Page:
Get Real Surfaces, Poughkeepsie, N.Y., recently completed a 4,500-square-foot dyed and polished floor at a Ronald McDonald House in Manhattan’s Upper East Side. The facility provides a temporary “home-away-from-home” for pediatric cancer patients and their families. The project took Get Real Surfaces’ four-person crew 11 days to complete, says the company’s head of sales and marketing, Paul Bishop.
The building experienced a flood in its basement which caused its old vinyl flooring to dislodge. Unable to ensure flooding would not happen again, the Ronald McDonald House wanted a floor that could stand up to any future flooding issues. “Polished concrete was the perfect solution because there is no topical coating to delaminate,” Bishop says.
With the floor located in the building’s basement, the Get Real Surfaces crew had to not only take into account its own safety but also the safety of the residents living and working in the rest of the building. “The project environment affects the choices regarding the equipment and products we can use,” Bishop says. “In this environment we had to take into consideration the residents (sick children) so there was no way we would use acetone dyes or propane equipment that would emit noxious fumes. Instead we chose electric equipment and water-based dye to complete the application.”
Achieving a fantastic floor
Prior to Get Real Surfaces’ phase of the project, contractors removed the old floor coatings. The Get Real crew was left to handle removal of the remaining glue and coatings. Using two Lavina 25 grinding/polishing machines, they started with an aggressive six metals pad and wet grinding. While two crew members did the grinding, a third crew member followed with an auto scrubber to pick up the slurry. The fourth crew member was a utility man doing work wherever needed.
After grinding with 70-grit metals, the crew did some patching. The old, existing slab had a lot of holes, so Get Real used Rapid Set Cement from CTS Cement Manufacturing to patch them up. Once the patches were set the crew continued grinding.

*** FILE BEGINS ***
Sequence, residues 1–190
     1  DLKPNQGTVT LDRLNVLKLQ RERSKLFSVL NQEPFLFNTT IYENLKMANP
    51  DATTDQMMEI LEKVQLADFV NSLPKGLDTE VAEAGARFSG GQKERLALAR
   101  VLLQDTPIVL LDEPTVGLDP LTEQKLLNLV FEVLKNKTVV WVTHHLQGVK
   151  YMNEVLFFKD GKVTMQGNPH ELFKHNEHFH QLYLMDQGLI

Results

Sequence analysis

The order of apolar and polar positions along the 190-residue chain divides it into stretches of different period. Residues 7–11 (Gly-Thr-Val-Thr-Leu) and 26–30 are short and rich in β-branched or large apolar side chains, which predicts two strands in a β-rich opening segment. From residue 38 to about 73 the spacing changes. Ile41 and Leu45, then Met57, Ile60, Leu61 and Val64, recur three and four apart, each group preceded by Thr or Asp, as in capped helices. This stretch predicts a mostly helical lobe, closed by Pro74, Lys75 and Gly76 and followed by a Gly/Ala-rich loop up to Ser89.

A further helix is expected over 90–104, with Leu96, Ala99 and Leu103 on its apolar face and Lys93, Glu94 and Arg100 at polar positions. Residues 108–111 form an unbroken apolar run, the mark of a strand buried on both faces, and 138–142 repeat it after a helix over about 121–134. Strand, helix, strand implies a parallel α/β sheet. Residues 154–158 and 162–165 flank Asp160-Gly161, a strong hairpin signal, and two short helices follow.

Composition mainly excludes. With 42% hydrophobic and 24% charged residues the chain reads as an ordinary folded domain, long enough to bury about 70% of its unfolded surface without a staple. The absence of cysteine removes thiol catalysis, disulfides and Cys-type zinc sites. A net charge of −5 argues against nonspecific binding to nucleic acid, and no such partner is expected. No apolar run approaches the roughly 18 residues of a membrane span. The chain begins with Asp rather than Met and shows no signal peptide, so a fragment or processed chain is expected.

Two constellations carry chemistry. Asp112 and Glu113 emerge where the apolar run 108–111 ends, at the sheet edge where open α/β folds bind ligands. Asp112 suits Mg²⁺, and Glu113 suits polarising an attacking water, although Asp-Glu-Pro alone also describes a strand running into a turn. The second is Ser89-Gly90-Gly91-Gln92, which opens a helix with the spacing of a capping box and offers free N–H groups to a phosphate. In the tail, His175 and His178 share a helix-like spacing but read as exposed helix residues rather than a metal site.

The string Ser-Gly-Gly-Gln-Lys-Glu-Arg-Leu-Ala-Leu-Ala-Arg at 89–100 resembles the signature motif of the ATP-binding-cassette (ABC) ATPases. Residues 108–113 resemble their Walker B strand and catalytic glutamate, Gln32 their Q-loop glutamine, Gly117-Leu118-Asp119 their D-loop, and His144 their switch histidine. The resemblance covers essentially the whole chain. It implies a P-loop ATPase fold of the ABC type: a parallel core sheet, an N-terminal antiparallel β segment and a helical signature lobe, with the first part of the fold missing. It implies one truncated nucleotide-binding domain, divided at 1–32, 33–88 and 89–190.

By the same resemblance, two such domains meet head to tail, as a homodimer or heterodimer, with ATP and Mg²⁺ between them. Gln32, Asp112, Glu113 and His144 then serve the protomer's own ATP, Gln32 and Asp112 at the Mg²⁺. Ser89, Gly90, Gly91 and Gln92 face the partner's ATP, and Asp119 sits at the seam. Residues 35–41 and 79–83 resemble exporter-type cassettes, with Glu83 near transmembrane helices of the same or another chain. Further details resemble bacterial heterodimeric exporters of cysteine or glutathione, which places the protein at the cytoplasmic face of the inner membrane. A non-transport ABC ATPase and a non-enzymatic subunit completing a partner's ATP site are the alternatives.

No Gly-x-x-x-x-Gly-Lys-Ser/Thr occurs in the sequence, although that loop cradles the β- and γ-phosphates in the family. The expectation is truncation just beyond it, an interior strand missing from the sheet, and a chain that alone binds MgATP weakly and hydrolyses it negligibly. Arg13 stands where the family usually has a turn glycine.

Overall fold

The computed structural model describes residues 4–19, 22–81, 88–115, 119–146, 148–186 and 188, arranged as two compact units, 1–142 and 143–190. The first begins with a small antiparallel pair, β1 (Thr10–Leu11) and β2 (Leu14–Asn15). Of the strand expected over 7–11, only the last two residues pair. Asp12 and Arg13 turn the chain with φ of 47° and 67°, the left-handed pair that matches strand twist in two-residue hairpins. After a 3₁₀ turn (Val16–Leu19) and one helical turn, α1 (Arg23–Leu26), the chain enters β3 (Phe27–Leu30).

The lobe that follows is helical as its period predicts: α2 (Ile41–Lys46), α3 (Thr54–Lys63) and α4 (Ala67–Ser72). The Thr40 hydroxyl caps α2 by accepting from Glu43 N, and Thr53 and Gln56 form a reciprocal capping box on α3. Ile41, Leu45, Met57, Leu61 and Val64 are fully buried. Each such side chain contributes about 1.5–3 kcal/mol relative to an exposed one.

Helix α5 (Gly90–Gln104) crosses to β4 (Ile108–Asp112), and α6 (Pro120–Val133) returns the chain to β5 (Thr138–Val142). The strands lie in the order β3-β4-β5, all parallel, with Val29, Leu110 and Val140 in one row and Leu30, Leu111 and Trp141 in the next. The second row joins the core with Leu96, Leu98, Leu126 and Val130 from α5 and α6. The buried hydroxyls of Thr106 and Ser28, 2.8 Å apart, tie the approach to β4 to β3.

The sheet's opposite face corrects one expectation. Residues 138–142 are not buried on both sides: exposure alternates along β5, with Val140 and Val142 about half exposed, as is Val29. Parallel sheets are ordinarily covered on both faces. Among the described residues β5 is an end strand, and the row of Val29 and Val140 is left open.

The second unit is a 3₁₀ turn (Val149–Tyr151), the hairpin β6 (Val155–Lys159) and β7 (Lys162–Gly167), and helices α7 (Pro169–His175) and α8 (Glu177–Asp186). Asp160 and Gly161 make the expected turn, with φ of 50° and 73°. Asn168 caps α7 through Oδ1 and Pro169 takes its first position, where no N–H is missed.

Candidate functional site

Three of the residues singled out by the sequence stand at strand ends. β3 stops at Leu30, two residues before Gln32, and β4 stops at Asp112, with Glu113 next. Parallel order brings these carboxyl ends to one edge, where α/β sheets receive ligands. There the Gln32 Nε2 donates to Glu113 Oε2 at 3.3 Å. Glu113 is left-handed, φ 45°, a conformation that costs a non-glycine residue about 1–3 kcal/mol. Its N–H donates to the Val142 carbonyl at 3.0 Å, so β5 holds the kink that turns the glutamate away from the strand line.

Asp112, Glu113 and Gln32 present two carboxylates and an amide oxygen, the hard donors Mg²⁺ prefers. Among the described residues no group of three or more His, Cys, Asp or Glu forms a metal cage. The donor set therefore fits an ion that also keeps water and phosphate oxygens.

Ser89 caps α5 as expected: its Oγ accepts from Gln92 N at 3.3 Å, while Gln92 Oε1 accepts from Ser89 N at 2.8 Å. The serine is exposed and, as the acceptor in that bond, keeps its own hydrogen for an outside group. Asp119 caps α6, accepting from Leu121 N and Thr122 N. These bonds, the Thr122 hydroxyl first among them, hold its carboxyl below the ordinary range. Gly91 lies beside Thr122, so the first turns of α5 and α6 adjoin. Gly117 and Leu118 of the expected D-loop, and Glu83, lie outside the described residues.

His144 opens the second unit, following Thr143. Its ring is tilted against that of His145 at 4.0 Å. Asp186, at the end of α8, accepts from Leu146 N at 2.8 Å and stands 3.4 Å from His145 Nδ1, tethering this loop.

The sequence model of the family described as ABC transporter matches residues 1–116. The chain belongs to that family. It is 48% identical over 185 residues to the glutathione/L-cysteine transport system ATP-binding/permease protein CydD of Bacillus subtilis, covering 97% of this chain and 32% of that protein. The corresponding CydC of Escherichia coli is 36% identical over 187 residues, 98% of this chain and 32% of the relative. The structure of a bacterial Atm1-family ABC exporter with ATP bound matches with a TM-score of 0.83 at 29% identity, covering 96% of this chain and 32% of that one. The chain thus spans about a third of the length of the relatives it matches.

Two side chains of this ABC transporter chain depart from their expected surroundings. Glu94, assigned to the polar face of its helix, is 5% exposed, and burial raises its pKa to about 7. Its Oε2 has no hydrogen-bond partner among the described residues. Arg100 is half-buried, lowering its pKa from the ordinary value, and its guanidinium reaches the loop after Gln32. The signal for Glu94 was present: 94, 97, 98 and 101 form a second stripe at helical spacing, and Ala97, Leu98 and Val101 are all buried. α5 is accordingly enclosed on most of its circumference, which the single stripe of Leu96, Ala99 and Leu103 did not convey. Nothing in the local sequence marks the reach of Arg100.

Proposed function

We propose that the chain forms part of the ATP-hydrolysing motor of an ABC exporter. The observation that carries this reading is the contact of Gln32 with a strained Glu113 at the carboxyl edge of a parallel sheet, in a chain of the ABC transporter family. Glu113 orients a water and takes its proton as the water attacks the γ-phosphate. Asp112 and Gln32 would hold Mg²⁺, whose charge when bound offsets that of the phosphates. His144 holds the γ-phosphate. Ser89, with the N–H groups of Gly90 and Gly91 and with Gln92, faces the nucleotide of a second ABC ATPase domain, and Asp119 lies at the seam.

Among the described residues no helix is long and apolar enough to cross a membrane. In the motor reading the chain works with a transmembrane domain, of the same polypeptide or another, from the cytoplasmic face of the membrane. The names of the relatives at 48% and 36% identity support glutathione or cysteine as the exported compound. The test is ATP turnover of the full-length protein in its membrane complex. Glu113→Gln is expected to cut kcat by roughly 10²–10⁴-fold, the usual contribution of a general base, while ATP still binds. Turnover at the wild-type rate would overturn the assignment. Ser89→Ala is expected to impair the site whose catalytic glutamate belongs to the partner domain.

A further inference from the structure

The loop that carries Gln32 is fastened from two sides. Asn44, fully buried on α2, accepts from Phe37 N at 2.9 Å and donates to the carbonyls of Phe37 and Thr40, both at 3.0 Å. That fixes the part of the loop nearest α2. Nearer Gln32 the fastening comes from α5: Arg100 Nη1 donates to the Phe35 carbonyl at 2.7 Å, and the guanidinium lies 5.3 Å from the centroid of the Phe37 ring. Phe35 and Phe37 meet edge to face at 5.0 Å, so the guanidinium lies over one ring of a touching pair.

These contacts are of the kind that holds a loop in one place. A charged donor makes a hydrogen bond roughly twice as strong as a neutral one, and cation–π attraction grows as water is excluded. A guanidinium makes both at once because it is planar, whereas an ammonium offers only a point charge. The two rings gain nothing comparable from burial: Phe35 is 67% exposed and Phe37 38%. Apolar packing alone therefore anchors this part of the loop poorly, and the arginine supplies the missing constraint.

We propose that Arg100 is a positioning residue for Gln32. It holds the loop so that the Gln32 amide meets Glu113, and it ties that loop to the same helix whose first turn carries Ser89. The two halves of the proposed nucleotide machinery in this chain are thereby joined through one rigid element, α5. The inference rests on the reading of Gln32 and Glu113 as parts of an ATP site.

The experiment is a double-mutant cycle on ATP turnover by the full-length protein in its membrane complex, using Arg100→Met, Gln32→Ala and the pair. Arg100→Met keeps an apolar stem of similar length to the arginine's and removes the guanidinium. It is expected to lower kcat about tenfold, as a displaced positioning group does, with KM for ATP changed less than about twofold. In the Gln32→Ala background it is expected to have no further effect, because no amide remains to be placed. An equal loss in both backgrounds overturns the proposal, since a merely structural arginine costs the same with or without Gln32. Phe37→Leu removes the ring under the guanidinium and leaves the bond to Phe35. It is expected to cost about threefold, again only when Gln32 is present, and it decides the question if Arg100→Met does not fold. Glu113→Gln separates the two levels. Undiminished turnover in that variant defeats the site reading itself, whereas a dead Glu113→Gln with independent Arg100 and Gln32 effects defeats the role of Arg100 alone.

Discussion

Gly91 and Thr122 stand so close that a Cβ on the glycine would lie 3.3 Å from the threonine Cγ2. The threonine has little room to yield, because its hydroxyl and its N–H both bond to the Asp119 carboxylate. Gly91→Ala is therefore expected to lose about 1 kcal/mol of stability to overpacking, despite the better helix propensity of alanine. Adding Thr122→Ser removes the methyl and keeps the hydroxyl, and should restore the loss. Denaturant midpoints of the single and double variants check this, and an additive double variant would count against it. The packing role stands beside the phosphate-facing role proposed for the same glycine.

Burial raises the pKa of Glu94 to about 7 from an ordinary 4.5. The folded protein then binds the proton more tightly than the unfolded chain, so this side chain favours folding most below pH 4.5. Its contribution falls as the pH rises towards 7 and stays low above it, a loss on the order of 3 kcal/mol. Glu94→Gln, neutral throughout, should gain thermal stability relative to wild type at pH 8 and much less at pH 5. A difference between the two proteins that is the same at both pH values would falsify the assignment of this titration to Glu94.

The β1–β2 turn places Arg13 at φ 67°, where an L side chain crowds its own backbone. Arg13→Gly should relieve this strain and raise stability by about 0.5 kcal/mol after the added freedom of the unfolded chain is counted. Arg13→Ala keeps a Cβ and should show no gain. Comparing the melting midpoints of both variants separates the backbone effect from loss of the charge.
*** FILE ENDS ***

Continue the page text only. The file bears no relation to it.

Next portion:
After polishing with a 400-grit resin, Get Real dyed the floor using Consolideck’s Welsh Slate water-based dye. Bishop says they used a sprayer to apply the dye and a microfiber mop to work it into the floor. “A regular mop will give you streaks. Microfiber pads are very fine so they push the dye into the floor a lot better. It’s the most consistent way to get the dye into the floor,” he explains.
After dyeing, crews spray applied Consolideck LS hardener/densifier. After letting the dye and densifier dry, Get Real hit the floor with another pass with the 400-grit resin abrasives before a final pass with an 800-grit resin, Bishop says. To finish, Get Real Surfaces crews applied Consolideck LS Guard. Then they burnished the floor to set the sealer, he says. “In order for the LS Guard to meld to the concrete you have to heat the surface up,” Bishop says. “Otherwise it will just be a topical sealer.”
The polished finish gave the owner a basement floor that would hold up to any future flooding and an attractive surface for the staff and families that make the Ronald McDonald House their home.
Company: Get Real Surfaces,
Poughkeepsie, N.Y. www.getrealsurfaces.com
Services Offered: Precast bathtubs, countertops and backsplashes, fireplaces, furniture and fixtures, tile, sinks and vanities, and outdoor concrete elements; Cast-in-place floors and countertops; diamond polishing new and existing concrete floors; refurbishing existing concrete floors; trowel-applied concrete microtoppings for floors and walls; plaster finishes.
Number of years in polishing: 2
Project Size: 4,500 square feet
Key Products & Equipment: Superabrasive, Inc. Lavina 25 grinding/polishing units; autoscrubber; Advanced Diamond Tooling metal and resin grinding and polishing pads; Prosoco Consolideck LS hardener/densifier, LS Guard, water-based dye and heat pads; Patriot sprayer; microfiber mop; CTS Cement Manufacturing Rapid Set Cement.